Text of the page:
Apprenticeship is still an important feature of British industry, although in many branches it has become an arrangement by word of mouth, and not by a written contract. In earlier days a formal agreement in writing was invariably made between the apprentice's parent or guardian and the employer. Such agreements were called 'indentures', and had to be completed before a magistrate. Indentured apprenticeship survives nowadays mainly in trades where skill with the hands is still essential: for example, it survives in the various branches of the building industry, in bespoke tailoring, the fur trade, ship repairing, surgical and scientific instrument making, studio photography, cabinet-making, the jewellery and precious metals trades, saddlery and harness-making, printing, coopering or cask making, hairdressing, and many of the branches of engineering. Many of these trades take on 'learners' under a merely spoken agreement, as well as indentured apprentices. In most trades the original period of seven years' apprenticeship has been reduced to five, and training now runs from the ages of sixteen to twenty-one. To serve one's apprenticeship is 'to serve one's time', and when the period of apprenticeship is over one is said to be 'out of one's time'. Apprentices out of their time have not yet acquired the skill of experienced tradesmen, and they usually spend some time in their trade as 'improvers'. In some trades a distinction is made between the different classes of apprentices. This is particularly true of engineering, which recognizes two distinct classes of apprentice: the 'pupil' apprentice who will eventually be a trained engineer (in the sense of a professional man who makes plans for others to carry out), and the 'trade' apprentice who will become a skilled artificer (that is, a mechanic, often highly skilled, who carries out the designs). The 'trainee' system of informal apprenticeship, for those whose educational and other qualifications are likely to fit them for executive rank in industry, is a modern form of the pupil apprentice system. Sea apprentices, or cadets, are really in the pupil apprentice class, as they are destined to be executive 'deck officers' when out of their time. Apprenticeship has always been a vigorous growth in the Merchant Navy, and in 1950 the British India Steam Navigation Company sent to sea the Chindwara, specially fitted out as a training ship for thirty cadets.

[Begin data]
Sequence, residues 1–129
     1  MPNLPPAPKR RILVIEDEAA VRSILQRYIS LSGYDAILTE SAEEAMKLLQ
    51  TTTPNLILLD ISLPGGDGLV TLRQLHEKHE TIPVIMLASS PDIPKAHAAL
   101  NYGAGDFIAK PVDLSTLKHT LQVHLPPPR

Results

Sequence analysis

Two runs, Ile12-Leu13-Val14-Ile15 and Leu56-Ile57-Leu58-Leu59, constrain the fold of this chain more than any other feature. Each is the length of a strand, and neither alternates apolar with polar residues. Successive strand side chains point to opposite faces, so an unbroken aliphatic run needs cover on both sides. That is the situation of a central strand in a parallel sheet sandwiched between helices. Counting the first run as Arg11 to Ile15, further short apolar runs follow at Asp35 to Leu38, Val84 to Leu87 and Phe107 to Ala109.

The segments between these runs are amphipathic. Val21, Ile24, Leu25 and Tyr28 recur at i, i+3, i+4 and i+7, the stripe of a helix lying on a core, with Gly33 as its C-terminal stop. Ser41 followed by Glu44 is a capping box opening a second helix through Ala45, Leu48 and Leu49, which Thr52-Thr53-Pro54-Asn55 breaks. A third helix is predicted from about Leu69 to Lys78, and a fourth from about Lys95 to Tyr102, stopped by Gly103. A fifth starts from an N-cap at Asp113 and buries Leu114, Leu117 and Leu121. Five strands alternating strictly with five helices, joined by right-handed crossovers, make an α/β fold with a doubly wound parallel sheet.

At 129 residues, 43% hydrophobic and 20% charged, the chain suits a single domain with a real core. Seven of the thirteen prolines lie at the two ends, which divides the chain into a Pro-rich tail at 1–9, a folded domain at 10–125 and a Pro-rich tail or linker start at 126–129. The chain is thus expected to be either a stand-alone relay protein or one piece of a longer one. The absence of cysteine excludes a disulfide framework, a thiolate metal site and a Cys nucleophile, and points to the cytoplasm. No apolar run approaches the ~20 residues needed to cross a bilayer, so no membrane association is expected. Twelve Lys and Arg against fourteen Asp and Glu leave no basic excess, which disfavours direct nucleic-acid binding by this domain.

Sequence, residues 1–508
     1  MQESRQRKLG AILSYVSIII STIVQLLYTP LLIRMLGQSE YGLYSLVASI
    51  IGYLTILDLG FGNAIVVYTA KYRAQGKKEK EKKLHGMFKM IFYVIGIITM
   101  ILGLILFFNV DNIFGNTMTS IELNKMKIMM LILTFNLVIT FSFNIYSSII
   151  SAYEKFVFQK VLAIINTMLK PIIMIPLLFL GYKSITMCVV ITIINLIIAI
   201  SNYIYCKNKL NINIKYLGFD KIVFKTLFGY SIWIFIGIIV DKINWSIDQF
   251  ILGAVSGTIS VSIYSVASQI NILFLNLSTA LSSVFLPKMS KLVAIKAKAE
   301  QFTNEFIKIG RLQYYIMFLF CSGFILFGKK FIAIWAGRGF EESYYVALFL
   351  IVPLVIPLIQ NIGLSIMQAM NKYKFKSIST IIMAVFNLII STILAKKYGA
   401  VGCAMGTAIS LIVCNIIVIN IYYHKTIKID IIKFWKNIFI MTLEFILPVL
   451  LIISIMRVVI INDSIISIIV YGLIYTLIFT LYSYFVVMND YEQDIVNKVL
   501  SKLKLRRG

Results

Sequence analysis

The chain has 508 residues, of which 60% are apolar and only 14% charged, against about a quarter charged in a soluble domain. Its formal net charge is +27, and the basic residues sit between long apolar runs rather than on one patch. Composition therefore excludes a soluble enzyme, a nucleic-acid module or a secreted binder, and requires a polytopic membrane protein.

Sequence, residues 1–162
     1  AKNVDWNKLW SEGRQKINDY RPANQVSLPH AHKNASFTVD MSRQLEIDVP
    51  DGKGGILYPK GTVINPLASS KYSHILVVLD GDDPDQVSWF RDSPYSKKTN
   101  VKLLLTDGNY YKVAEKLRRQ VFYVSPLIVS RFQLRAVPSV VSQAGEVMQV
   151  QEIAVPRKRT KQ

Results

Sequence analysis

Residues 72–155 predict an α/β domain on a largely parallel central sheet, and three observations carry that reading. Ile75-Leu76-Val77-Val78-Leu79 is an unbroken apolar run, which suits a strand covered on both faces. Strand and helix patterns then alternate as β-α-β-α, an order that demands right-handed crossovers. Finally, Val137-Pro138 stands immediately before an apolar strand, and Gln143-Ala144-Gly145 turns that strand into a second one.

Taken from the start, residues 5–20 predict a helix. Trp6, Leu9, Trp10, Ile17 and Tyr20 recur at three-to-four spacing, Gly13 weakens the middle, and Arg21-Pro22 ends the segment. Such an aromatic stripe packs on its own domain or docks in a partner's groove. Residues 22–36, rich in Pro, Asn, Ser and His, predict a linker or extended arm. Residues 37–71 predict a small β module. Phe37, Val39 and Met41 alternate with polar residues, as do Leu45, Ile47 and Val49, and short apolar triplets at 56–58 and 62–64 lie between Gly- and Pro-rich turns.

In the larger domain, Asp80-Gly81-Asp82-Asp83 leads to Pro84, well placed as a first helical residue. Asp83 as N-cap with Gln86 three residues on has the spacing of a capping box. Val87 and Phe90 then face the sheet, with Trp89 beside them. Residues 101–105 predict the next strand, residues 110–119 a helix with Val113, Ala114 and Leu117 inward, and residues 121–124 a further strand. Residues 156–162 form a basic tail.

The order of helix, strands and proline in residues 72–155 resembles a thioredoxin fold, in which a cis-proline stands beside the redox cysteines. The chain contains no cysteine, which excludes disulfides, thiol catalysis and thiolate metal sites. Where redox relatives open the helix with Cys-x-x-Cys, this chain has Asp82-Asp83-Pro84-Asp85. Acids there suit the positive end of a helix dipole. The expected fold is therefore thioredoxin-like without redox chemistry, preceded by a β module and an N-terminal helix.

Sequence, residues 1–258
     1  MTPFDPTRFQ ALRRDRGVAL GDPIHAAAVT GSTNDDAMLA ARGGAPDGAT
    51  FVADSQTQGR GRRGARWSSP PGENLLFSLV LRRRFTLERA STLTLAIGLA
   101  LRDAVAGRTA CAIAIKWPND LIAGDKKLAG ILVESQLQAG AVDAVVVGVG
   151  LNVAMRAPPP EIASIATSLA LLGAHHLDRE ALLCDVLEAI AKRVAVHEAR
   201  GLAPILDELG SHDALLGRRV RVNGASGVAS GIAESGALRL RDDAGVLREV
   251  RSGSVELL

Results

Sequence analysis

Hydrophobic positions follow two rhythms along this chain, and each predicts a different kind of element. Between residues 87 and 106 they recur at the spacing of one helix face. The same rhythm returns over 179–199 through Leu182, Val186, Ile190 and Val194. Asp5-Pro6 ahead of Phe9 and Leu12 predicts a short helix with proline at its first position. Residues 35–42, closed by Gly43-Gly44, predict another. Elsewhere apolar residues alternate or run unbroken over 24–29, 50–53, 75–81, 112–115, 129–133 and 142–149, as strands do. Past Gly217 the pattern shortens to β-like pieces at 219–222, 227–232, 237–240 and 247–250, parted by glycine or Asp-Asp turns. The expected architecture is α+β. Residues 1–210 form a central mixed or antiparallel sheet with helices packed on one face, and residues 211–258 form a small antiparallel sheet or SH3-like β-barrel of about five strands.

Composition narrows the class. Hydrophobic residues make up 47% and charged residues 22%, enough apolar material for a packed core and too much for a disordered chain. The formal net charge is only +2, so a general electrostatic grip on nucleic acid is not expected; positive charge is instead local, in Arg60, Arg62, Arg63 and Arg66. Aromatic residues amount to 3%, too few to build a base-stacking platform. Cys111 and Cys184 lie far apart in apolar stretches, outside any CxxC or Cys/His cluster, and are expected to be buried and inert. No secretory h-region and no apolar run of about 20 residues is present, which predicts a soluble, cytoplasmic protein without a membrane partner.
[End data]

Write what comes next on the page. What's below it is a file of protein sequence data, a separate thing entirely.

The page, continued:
A form of apprenticeship is necessary before entry into many professions, notably the law, accountancy, and the architects' and surveyors' professions, but the agreements entered into are called 'articles' and not 'indentures'.